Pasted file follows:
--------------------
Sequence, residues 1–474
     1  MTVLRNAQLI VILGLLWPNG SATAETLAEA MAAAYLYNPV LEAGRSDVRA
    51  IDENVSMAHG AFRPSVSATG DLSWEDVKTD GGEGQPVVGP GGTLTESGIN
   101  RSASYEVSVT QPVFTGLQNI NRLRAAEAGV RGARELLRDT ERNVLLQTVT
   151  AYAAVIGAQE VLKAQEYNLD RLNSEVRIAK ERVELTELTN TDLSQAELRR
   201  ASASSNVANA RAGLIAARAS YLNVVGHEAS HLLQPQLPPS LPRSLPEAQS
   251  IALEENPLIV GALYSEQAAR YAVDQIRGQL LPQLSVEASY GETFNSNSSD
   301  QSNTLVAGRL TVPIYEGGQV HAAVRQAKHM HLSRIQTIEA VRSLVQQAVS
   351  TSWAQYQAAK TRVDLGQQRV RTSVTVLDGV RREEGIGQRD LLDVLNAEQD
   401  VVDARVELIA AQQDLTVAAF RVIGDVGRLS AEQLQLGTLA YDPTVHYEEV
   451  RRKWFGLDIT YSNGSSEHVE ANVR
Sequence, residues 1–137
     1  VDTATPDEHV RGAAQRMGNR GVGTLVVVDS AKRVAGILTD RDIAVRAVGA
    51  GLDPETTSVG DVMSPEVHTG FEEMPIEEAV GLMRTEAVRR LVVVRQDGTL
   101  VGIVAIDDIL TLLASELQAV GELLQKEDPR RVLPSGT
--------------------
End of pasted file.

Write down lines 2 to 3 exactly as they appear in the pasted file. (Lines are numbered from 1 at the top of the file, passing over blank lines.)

     1  MTVLRNAQLI VILGLLWPNG SATAETLAEA MAAAYLYNPV LEAGRSDVRA
    51  IDENVSMAHG AFRPSVSATG DLSWEDVKTD GGEGQPVVGP GGTLTESGIN